The Olubadan of Ibadan, Oba Samuel Odulana Odugade, is dead.
Palace sources said the monarch died at about 7.30pm on Tuesday in his palace in the Monatan area of Ibadan.
Oba Odugade, who was born on April 14, 1914, became the Olubadan in July 2007.
It was gathered that palace guards immediately summoned a son of the deceased, Prof. Femi Lana, who also informed some Ibadan high chiefs about his father’s demise.
Though efforts to get the reaction of Lana were futile on Tuesday, a source close to him said the monarch’s corpse had been deposited at the morgue of an unnamed hospital in Ibadan.
“I can tell you that Prof. Femi Lana and some high chiefs have taken the corpse to the mortuary but I will not tell you the name of the hospital because his death has not been formally announced,” the source said.
Another top source close to the palace, however, said the Olubadan-in-Council, comprising all the high chiefs would have to first pay a condolence visit to the family before the formal announcement of the monarch’s death would be made.
This, the palace source explained, might be done on Wednesday (today), adding that the Olubadan-in-Council or the family could formally announce the death after the condolence visit.
The source said, “The Olubadan is dead. He died peacefully in his sleep in his palace at Monatan and not in the hospital around 7.30pm today (Tuesday) due to old age. You know he celebrated his 100th birthday in April 2014; he would have clocked 102 this year. The palace chiefs invited his son, Prof. Femi Lana, who in turn, informed some high chiefs, including the Ashipa of Ibadanland, Chief Eddy Oyewole.”
Another high chief, who spoke on condition of anonymity because he was not allowed to comment officially on the matter due to tradition, said the monarch’s burial might not be immediate.
“His burial may not be immediate. He was not a Muslim but a strong member of the St. Peter Anglican Church, Aremo, and I’m sure that the church, the Central Council of Ibadan Indigenes and the Olubadan-in-Council will participate in his burial,” the chief said.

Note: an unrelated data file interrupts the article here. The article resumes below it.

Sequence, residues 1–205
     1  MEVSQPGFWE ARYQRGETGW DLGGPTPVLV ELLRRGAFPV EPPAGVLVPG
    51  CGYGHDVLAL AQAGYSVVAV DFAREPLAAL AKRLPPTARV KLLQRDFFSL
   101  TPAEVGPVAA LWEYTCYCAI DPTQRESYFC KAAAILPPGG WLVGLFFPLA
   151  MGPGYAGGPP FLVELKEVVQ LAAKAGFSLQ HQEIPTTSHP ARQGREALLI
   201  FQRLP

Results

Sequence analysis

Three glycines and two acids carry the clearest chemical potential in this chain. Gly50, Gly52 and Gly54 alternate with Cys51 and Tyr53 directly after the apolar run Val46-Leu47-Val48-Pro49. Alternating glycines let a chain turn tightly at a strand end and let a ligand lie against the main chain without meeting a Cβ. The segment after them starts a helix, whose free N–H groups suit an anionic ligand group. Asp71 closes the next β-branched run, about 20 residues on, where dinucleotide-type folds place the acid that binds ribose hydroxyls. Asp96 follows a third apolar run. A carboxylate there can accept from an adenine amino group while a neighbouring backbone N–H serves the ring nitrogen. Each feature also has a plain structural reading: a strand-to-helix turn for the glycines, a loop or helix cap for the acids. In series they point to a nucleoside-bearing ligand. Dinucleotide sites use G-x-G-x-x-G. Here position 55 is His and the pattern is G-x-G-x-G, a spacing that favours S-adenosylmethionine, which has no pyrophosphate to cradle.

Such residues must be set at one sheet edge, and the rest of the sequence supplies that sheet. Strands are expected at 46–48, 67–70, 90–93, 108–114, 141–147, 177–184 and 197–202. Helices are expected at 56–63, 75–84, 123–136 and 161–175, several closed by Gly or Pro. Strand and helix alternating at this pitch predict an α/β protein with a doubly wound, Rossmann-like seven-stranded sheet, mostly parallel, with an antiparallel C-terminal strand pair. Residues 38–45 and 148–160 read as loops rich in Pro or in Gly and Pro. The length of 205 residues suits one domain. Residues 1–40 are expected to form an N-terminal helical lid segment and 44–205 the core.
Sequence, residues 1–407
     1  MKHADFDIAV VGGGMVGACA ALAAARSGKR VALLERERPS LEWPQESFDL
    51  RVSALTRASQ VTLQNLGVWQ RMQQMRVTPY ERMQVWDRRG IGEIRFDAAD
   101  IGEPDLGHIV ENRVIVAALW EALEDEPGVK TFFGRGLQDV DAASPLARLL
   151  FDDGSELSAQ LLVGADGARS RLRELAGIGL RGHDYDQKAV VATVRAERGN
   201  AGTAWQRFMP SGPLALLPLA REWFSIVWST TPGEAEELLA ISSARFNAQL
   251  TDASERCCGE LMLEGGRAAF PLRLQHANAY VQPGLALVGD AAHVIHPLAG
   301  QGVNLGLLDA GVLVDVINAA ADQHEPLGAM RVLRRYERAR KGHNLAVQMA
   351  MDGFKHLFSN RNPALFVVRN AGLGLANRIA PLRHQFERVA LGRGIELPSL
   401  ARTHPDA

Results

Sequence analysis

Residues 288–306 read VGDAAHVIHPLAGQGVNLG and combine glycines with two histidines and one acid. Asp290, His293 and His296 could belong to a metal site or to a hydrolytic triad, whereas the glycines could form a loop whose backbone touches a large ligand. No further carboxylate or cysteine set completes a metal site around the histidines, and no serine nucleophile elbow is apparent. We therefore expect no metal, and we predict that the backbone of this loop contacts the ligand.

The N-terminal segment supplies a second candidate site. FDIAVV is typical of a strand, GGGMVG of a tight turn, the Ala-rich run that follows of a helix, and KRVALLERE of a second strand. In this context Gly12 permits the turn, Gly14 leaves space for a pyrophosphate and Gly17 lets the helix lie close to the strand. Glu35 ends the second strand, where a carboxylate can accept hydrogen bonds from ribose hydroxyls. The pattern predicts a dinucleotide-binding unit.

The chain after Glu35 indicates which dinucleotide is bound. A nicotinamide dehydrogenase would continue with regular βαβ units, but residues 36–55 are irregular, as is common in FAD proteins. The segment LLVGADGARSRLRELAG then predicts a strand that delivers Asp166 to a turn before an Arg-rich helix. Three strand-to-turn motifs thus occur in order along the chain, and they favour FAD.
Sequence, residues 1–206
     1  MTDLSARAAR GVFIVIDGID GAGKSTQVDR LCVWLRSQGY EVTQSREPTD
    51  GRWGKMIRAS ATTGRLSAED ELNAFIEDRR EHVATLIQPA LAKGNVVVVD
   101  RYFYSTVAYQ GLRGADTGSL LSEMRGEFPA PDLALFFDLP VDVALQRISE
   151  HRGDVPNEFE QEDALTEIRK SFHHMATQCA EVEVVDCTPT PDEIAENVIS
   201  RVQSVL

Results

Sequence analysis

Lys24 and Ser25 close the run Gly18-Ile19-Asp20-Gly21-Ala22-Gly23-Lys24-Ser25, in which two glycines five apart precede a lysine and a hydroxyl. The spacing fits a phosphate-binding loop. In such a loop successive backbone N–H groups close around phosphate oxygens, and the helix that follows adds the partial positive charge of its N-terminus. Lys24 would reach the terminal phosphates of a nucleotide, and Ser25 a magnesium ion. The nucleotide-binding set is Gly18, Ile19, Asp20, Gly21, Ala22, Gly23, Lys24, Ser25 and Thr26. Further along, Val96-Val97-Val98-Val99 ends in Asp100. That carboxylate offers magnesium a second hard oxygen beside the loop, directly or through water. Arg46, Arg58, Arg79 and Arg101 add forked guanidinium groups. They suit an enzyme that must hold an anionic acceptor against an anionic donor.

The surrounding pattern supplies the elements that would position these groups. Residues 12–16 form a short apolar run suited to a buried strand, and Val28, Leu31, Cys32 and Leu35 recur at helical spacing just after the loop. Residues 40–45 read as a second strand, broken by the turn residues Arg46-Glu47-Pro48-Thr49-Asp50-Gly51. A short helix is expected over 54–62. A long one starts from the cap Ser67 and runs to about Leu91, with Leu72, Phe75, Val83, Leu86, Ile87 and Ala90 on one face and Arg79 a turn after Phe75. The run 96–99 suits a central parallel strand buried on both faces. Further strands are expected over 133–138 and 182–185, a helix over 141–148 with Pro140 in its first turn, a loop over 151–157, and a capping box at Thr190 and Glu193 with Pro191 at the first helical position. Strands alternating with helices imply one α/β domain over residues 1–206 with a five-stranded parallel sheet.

With his demise, the Balogun of Ibadanland, Chief Saliu Adetunji, is expected to be named as the new Olubadan by the Olubadan-in-Council.
Adetunji is one of the nine Ibadan high chiefs promoted about three weeks ago by the late monarch.
A soldier who fought in the World War II, Oba Odulana was a seasoned civil servant and a thoroughbred politician who later became a minister in the First Republic.
The late monarch began his elementary education at Saint Andrew’s School, Bamigbola, in the present Lagelu Local Government Area in January 1922 and obtained a transfer to St. Peter’s School, Aremo in 1929.
He completed his middle school education at Mapo Central School in December 1936.
He equally strengthened his education via correspondence college.
He had a brief stint with the United Africa Company as a produce clerk before taking up teaching at the Church Missionary Society Elementary School, Jago, in the present Ona-ara Local Government Area, in 1938.
He also taught in several schools from 1939 to 1942.
He, however, quit teaching to pick the more challenging duty of a soldier during the 1939 World War II.
According to his biographers, the lessons learnt at his duty post was well utilised, such that upon the end of the war in 1945, he was put in charge of the demobilisation of returning soldiers in Lagos, which earned him an exemplary character award of the Army Fourth Brigade and this climaxed into an immediate appointment with the Colonial Office Education Department in 1946.
While in the civil service, where he was until 1959, Oba Odulana actively assisted in the establishment of both primary and secondary schools in various parts of the old Western Region of Nigeria.
He voluntarily retired and embraced politics to represent his people in the 1959 pre-independence House of Representatives.
This led to a string of political achievements, such that he was appointed as the Parliamentary Secretary to the late Prime Minister, Alhaji Abubakar Tafawa Balewa, in the country’s first independent cabinet.
In 1963, he attended the epoch-making Commonwealth Conference in London. He also became the country’s Minister of State for Labour.
In 1964, he led the Nigerian Parliamentary delegation to the London Constitutional Conference to restructure the then British colonies of Rhodesia and Nyasaland now known as Malawi, Zimbabwe and Zambia.
Odulana’s journey to the throne started with his appointment as the Mogaji (Head) of his Ladunni family compound, at Oja-Igbo in 1972.
In 1976, he became the Jagun-Olubadanland.